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New Year Festivities at Different Regions of India



29 December 2016

New Year Festivities at Different Regions of India

India is a diverse land with the variety of people living and the ways in which they celebrate New Year. These days are celebrated in different parts of India with names as Ugadi, Gudi Padwa, Vishu, Puthandu, etc reflecting the rich culture of India. Some states follow the Solar Calender and some follow the Lunar Calendar. To know more, Here is the list of several New Year Days celebrated across various Indian States.

Ugadi – Telugu New Year

Ugadi – Telugu New Year

The festival is celebrated in the state of Karnataka and Andhra Pradesh, in the month of March-April (Chaitra month. Symbolizing the beginning of an age, the date of the festival follows the Hindu calendar system. The date brings in the festivities where people buy new clothes and have good food.

Gudi Padwa – Marathi New Year

Gudi Padwa – Marathi New Year
Celebrated on the first day of Chaitra month, Gudi Padwa is a New Year day for Maharashtrians and Konkanis. On this day a gudi can be found hanging out on the right side of the main access of the houses. (Gudi is a bright yellow cloth tied to the tip of a long bamboo and copper pot positioned on it along with a sugar garland).

Baisakhi – Punjabi New Year

Baisakhi – Punjabi New Year
Baisakhi is the harvest festival, celebrated with great pomp and splendor among the Sikhs. Marking the beginning of the New Year on 13th April and some time on 14th, the festival brings together people from all religion. Baisakhi also stands as the day of the formation of the Sikh Khalsa. The major festivities can be seen happening in the Golden temple in Amritsar along with United States, Canada and United Kingdom.

Puthandu – Tamil New Year

Puthandu – Tamil New Year
The traditional New Year in Tamil starts in mid April either on 13 or 14 April, or first day of Tamil month Chithirai. People during this festival wish each other “ Puthandu Vazthukal” which means happy new year. The special food of this celebration is Mangai Pachadi, made of raw mangoes, neem flowers and jaggery.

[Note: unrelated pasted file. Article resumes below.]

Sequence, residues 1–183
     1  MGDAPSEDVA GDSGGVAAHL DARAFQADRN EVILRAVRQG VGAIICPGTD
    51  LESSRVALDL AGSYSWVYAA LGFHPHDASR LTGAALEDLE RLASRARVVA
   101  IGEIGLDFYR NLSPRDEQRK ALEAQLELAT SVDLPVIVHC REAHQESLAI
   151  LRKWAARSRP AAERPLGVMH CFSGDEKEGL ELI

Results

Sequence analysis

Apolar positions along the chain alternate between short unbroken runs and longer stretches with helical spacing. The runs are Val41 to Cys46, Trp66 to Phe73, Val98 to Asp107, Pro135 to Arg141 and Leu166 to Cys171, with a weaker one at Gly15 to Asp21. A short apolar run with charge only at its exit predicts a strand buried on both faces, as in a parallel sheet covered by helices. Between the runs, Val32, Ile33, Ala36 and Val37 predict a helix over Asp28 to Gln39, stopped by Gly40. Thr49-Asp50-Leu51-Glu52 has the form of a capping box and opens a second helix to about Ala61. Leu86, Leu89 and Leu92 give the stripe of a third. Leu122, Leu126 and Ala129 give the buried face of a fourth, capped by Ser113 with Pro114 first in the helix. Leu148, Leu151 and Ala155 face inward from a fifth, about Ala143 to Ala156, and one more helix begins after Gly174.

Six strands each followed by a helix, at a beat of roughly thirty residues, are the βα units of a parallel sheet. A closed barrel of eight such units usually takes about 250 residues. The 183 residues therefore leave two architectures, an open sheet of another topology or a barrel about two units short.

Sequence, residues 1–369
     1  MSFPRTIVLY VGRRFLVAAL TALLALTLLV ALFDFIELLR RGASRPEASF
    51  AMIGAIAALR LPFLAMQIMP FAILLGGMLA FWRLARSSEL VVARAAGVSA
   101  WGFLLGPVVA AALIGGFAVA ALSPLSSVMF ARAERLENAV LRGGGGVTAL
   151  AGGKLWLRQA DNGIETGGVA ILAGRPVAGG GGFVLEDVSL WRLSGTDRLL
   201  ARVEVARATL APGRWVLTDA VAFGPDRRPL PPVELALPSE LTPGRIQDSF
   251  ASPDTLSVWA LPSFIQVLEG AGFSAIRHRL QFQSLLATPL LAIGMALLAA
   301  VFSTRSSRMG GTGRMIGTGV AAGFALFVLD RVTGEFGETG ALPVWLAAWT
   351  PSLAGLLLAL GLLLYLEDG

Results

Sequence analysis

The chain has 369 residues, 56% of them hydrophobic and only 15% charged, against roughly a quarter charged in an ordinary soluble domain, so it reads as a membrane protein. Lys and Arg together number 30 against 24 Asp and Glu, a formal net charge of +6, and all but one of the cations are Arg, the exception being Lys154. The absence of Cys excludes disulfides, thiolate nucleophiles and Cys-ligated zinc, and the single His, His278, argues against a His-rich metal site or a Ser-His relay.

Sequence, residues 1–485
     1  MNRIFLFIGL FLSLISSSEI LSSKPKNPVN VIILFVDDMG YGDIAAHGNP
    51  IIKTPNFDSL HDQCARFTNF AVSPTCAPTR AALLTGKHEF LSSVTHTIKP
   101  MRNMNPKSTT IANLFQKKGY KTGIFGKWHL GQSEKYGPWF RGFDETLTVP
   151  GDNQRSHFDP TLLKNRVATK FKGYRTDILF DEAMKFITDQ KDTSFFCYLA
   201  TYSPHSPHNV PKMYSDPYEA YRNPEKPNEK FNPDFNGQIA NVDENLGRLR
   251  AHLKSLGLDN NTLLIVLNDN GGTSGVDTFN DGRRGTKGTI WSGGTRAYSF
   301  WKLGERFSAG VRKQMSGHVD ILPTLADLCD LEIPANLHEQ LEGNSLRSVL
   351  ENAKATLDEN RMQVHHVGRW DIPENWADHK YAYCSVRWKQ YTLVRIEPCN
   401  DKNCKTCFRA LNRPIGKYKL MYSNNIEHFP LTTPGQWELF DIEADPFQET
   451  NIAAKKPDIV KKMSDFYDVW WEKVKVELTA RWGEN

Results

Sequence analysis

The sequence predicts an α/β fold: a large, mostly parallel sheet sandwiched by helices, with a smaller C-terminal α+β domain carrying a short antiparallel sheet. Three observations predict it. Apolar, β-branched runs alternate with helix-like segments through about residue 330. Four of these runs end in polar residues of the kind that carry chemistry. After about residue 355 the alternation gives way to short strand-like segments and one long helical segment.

Bohag Bihu – Assamese New Year

Bohag Bihu – Assamese New Year
Celebrated in the middle of April, Bohag Bihu marks the beginning of an Assamese New Year. The festival is one of the most significant festival of Assam that is celebrated with great zeal, faith and belief.

Pohela Boishakh – Bengali New Year

Pohela Boishakh – Bengali New Year
Celebrated with great enthusiasm during the mid of April,The Nabo Barsho is the Bengali New Year. The day brings in lots of festivities along with several cultural programs, shopping and prayers. Pohela Boishakh is celebrated by tribal people in hilly regions of Tripura and also in cities of other countries.

Bestu Varas – Gujarati New Year

Bestu Varas – Gujarati New Year
Bestu Varas is the Gujarati New Year which marks the beginning of the harvest season in Gujrat and therefore is observed with great fervor. The festival comes on the day after Diwali along with religious rituals and traditions. Marwaris of Rajasthan observe Diwali as a new year, as the most pious day to start a new beginning.

Vishu – Malayalam New Year

Vishu – Malayalam New Year
Vishu is the Malyalam New Year, observed just like a New Year elsewhere in India, but usually on April 14 of the Gregorian calendar. It is one of the most popular traditional celebration, followed by the people of Kerala.

Hijri – Islamic New Year

Hijri – Islamic New Year
The Muslim New Year Begin on the first day of Muharram as the Islamic calendar does not line up with the Gregorian calendar and only because of that the date for the Islamic New Year or Muharram vary as per lunar calendar. The New Year is celebrated with ancient customs & traditions for incoming spring.

Losoong – Sikkimese New Year

Losoong – Sikkimese New Year
The Losoong is one of the most known and ancient festival of Sikkim, celebrated in December. sThe festival marks the end of harvesting season and the beginning of the New Year for people of Sikkim. It is also called as ‘Sonam Losar’ the farmer’s new year.

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